In a topic which could be discussed at great length beyond this
forum, I would at least like to sketch the surface of a concept I
think many investors (including me) are having trouble with.
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Emerging market (
) equities have vastly underperformed those global equities who are
getting their growth largely form emerging markets.
Part of the answer lies in what is a long standing precept that
commodities have to be rallying for emerging market equities to do
well, and that emerging market equities are dominated by state
controlled companies where corporate governance is awful.
In the last 18 months commodities have struggled and state
controlled emerging market companies have dominated the headlines
for their ineptitude. Thus, emerging markets have badly lagged
domestic markets (see chart), as U.S. and European multinationals
have gone to all-time highs.
Because we are in the month of May, markets are overly consumed
with "risk on" and "risk off".
Investment allocation is difficult in a world where commodity
prices seem to be signaling one thing but measures of risk say
another. Copper prices are challenging multiyear lows while
the Spanish 10yr yield is in 2007 territory and Italy is issuing
2yr paper at all-time lows.
China is grinding lower but U.S. and European indices are at
Is global growth collapsing or is the world healing slowly, with
strong pockets of real growth in key parts of the global
Is the move to all-time highs in global equity markets just a
run of free money or should investors be even more confident with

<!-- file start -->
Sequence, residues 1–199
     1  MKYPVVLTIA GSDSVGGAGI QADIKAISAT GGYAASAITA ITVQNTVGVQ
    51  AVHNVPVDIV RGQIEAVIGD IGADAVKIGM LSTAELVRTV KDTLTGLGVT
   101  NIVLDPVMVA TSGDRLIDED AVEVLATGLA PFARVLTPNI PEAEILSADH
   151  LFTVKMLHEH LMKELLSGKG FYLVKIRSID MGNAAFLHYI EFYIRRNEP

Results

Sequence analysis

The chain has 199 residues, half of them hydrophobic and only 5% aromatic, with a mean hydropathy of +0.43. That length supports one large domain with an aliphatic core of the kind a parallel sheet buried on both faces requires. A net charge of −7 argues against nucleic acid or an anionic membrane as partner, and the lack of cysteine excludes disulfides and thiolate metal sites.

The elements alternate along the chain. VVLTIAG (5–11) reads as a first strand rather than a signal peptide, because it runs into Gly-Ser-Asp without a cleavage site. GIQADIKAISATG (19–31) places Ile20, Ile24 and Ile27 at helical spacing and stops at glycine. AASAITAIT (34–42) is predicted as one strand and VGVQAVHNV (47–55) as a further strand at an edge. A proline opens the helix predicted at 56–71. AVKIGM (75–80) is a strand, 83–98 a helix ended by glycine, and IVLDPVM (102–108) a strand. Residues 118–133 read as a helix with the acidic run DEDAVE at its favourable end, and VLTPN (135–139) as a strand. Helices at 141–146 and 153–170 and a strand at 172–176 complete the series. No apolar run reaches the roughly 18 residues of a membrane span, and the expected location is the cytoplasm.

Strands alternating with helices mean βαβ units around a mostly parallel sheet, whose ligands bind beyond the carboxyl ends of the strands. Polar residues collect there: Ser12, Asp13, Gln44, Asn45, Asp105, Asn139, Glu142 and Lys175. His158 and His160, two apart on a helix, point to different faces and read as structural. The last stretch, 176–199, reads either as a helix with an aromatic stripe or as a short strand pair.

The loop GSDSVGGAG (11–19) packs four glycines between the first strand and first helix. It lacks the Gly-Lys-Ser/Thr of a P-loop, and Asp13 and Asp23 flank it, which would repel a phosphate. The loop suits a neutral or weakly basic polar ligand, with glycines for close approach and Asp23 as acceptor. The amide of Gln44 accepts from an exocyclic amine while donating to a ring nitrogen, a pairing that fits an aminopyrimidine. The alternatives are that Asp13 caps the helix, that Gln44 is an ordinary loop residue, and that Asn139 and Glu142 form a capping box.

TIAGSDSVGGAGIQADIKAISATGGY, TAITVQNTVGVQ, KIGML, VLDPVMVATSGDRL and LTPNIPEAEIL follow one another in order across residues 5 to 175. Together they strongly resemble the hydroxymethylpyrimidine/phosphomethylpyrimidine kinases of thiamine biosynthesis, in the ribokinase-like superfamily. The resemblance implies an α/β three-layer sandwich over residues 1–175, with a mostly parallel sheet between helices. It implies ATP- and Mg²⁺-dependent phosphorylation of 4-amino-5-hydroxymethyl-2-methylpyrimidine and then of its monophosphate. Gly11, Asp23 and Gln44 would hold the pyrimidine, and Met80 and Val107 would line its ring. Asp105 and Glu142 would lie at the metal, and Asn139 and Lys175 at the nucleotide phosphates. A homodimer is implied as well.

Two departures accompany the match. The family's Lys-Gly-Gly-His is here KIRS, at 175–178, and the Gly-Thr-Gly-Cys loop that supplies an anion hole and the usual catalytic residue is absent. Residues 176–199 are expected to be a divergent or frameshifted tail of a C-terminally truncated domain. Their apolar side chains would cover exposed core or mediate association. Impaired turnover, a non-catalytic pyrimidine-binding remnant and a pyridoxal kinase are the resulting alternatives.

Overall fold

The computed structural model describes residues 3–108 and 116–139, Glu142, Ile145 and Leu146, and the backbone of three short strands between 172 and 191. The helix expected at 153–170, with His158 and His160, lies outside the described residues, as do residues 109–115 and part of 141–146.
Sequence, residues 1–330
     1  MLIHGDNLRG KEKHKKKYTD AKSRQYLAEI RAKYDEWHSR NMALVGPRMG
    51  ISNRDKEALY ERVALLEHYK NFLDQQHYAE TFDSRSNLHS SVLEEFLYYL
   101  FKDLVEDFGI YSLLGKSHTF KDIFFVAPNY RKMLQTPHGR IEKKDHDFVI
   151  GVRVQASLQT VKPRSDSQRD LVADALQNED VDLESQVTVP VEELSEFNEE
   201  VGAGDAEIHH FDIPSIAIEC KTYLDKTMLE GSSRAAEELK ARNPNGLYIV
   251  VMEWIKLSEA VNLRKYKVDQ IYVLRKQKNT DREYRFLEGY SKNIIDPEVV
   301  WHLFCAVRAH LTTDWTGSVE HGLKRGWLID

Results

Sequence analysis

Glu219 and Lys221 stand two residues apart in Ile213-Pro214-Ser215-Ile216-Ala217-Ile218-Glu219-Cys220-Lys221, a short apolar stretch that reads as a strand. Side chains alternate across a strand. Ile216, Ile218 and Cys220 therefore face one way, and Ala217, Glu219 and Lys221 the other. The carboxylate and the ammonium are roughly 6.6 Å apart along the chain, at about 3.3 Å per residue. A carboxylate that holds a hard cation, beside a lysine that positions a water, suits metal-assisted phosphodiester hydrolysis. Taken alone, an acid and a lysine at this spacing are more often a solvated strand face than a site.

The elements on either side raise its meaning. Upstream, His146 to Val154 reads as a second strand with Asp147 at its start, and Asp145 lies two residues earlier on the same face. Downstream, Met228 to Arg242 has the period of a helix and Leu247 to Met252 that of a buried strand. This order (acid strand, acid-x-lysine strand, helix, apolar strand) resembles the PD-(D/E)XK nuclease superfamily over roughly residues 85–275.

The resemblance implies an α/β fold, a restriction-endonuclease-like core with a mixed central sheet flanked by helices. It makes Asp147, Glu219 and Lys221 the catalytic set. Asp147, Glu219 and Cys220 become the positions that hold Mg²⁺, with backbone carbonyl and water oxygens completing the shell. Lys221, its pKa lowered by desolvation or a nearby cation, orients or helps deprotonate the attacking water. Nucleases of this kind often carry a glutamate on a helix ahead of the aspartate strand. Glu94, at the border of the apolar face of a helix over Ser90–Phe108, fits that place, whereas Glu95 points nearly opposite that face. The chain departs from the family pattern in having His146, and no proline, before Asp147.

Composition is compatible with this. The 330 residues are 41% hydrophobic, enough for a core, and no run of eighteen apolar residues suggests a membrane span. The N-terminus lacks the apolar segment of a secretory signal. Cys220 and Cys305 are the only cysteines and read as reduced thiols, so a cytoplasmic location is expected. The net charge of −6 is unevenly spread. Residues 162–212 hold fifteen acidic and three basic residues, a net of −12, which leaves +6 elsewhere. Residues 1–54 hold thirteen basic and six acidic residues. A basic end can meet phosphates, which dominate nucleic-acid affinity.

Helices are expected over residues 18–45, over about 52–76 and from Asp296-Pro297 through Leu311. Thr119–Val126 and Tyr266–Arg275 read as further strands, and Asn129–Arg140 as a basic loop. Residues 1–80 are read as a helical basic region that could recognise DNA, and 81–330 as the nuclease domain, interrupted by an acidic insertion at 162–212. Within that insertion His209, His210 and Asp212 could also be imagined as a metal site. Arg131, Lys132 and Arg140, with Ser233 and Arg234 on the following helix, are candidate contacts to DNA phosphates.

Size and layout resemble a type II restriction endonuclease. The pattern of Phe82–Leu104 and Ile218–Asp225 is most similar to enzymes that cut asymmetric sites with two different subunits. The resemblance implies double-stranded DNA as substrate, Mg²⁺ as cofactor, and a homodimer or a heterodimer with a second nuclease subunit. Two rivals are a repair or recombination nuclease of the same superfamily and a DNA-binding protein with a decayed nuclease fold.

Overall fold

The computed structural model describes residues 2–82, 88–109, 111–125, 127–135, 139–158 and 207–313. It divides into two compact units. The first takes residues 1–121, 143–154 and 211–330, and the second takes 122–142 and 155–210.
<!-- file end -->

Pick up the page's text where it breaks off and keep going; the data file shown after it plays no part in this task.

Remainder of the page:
global growth despite what spot commodity prices are doing?
Yesterday's one brain cell analysis worked and correlations were
high between the asset classes.
I often write about deflationary forces of the asset bubble
popping and that Fed policy is complicating the road to true
healing. I believe we are living in a world where the
pressure on prices for most things (except of course daily "stuff"
we seem to consume...) is to move lower.
But the correlation of higher commodities with higher global
growth may have started to run its course. While we are
not surfing the wave of the commodity super-cycle go-go days, there
is still major demand for copper, ore, steel, and other core
China will not lead the next phase of global growth, nor will
Brazil but there is a housing recovery going on in the U.S. and
there are still 5 trillion in Yuan infrastructure projects due to
be implemented in China over the next 5 years.
For many of us in emerging markets this has all been a head
scratcher as "our stocks" are massively underperforming despite
that conditions that emerging markets should generally love:
low inflation, falling rates, consumption growth, albeit slower
than it was pre-crisis. We all may need to adjust our
thinking if we have not already done so to stay the course on
fundamentals and not be expecting the next May/June disaster for
emerging markets. If global companies like Siemens, GM, Coke,
and HSBC can grow with emerging markets as a core driver, maybe
it's time to look for even greater returns out emerging market
companies who have lagged the move in global markets.
Either way we should be mindful of the following: lower
commodity prices do not necessarily mean risk off, and correlations
breaking down is a good thing. Stay tuned for our
Emerging Money Global Index where we highlight the top 30
multinationals operating in emerging markets.